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Indicator: Communities

Canada’s forests are a rich source of economic, cultural, and environmental benefits for people across the country. These benefits are important to people and their communities in both rural and urban Canada.

  • About 31% or 11 million Canadians live in or adjacent to forested areas.
  • There are about 300 census subdivisions across Canada that rely on the forest sector for jobs and income.
  • About 2% of Canada’s population (700,000 people) live in these forest-reliant communities.
  • Approximately 70% of Indigenous people in Canada live in or near forests, and about 11,600 Indigenous people were employed in the forest sector in 2016.

Proximity to forests, community reliance and Indigenous employment in Canada’s forest sector are examples of the importance of forests to people and their communities across Canada.

Why is this indicator important?

  • When a community relies heavily on the forest sector for jobs and income, any adverse economic events affecting the sector affects not only forest sector employees, but all members of the community.
  • Forests provide more than just economic benefits. Forests are often central to the health and well-being of the people who live in forest-reliant communities, providing many environmental services and recreational activities.

What is the outlook?

  • Given the nature of the Canadian forest sector, some of the economic activity will always be located near the resource, away from urban areas. As a result, the forest sector will continue to be an important source of jobs and income for communities across Canada, including remote ones.
  • Efforts to diversify forest products manufacturing will strengthen the sector and provide opportunities for Canadians, particularly those who live in rural areas.
  • Strong demand for Canada’s forest products will create new and diverse opportunities for people in forest-reliant, rural and Indigenous communities, as well as for people in other communities who benefit from living near forests and participating in the forest sector.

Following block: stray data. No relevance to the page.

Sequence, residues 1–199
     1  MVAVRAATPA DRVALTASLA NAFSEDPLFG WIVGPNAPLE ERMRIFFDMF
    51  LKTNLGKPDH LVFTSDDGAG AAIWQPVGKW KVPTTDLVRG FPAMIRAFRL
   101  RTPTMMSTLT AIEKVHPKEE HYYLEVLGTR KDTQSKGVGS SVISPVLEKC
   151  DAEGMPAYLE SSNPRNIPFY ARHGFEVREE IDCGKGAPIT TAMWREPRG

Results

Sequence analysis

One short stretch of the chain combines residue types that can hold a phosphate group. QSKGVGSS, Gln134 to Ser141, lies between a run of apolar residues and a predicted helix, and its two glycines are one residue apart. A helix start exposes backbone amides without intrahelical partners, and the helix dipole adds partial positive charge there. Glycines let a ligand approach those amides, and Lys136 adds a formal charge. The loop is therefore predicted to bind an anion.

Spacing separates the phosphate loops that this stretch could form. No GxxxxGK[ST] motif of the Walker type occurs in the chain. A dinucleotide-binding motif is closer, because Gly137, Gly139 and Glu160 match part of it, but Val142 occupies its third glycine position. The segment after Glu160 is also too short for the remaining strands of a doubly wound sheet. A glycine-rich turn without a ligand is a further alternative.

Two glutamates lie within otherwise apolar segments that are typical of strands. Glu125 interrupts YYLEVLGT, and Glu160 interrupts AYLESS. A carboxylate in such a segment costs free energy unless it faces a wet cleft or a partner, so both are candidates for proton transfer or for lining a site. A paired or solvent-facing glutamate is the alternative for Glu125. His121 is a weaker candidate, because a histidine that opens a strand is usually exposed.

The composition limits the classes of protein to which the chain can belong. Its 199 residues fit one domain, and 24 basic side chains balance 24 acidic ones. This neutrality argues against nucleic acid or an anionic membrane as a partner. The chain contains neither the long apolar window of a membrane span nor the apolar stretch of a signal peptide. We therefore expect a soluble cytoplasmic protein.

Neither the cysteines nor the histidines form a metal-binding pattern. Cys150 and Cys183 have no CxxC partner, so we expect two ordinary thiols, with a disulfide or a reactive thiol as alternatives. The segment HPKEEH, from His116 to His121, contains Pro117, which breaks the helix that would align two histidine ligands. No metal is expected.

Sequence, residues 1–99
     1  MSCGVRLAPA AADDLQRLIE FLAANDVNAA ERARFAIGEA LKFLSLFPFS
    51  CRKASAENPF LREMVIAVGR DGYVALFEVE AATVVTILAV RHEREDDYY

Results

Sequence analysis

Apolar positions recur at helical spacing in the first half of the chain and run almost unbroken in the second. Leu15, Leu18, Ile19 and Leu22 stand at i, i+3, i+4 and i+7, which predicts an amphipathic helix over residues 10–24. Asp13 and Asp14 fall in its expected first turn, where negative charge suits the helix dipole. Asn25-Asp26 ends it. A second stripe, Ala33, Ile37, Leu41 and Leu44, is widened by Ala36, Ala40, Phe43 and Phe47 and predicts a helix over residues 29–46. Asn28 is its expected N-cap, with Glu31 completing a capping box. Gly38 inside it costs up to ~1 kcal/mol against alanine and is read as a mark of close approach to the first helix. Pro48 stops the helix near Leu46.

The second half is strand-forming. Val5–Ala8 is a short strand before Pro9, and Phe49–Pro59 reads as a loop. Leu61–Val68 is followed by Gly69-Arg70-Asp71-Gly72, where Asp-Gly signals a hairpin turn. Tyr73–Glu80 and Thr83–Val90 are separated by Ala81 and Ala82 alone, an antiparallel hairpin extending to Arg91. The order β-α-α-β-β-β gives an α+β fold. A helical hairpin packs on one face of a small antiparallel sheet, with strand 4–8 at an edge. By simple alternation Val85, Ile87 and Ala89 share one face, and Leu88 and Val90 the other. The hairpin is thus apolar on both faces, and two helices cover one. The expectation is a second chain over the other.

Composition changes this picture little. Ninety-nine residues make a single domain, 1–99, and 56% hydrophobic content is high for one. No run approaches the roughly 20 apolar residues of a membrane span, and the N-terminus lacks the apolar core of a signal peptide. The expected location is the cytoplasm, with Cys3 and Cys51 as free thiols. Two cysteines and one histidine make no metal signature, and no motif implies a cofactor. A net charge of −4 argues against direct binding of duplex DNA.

What reporting frameworks does this indicator support?

A pulp and paper mill in the foreground with the community of Corner Brook, Newfoundland and Labrador in the background.
A pulp and paper mill in the community of Corner Brook, Newfoundland and Labrador.
Sources and information
  • Natural Resources Canada–Canadian Forest Service. Calculations based on Statistics Canada, 2016 Census of Population and Natural Resources Canada–Canadian Forest Service, North American boreal zone map shapefiles.
    • This year, the Canadian Forest Service adopted a new method for identifying communities that rely on economic activity from natural resource sectors. The method is based on the sector dependence index (SDI), a well-established approach to assess the relative importance of a given sector to local economies. In addition to considering the share of total income generated from the forest sector, we used the SDI to establish if the forest sector provides a high number of jobs (relative to the average Canadian community). We also established if there are many other sectors that are also a source of jobs for local residents.
    • Last year, we reported that the forest sector was a major source of income for 105 census subdivisions in Canada. This year we followed this new method to report that 300 Canadian communities rely on the forest sector for a significant share of economic activity.
    • “Adjacent” (in “Canadians who live in or adjacent to forested areas”) is not defined by a specific distance from a forested area, but through analyses. Forested area data are laid over Statistics Canada dissemination areas (DA). If any portion of a DA contains forested land, the entire population of that DA is considered to live in or adjacent to forests.
      • Statistics Canada defines a dissemination area as a “small area composed of one or more neighbouring blocks, with a population of 400 to 700 persons.” A DA is a “relatively stable geographic unit” and “the smallest standard geographic area for which all census data are disseminated.” All of Canada is divided into dissemination areas.
    • The forest sector communities indicator is based on Statistics Canada’s census subdivisions. A “subdivision” is “the general term for municipalities (as determined by provincial/territorial legislation) or areas treated as municipal equivalents for statistical purposes (e.g. Indian reserves, Indian settlements and unorganized territories).” Since there is no standardized definition of “community” across provinces and territories, using census subdivisions allows for a consistent approach in reporting over time.
    • Employment data from Statistics Canada’s 2016 Census of Population: This value refers to the number of people “employed,” not “in the labour force” (which includes those people “unemployed”).
    • GIS-based analyses used the BOREAL and B_ALPINE layers.
  • Statistics Canada. 2016 Census of Population (special extraction, April 20, 2018).
    • Natural Resources Canada–Canadian Forest Service calculations for Indigenous employment are based on Statistics Canada’s 2016 Census of Population.
      • These values refer to the number of people “employed,” not “in the labour force,” which includes those “unemployed.”
      • “Indigenous” refers to people who are First Nations (North American Indian), Métis or Inuk (Inuit). “Indigenous” also refers to people who are Registered or Treaty Indians (that is, registered under the Indian Act) and/or those who have membership in a First Nation or Indian band.
Photo credit
  • Overlook of pulp and paper mill in Corner Brook, Newfoundland. Photo by ArchonCodex/iStock by Getty Images.
 

Table of contents — The State of Canada's Forests Report

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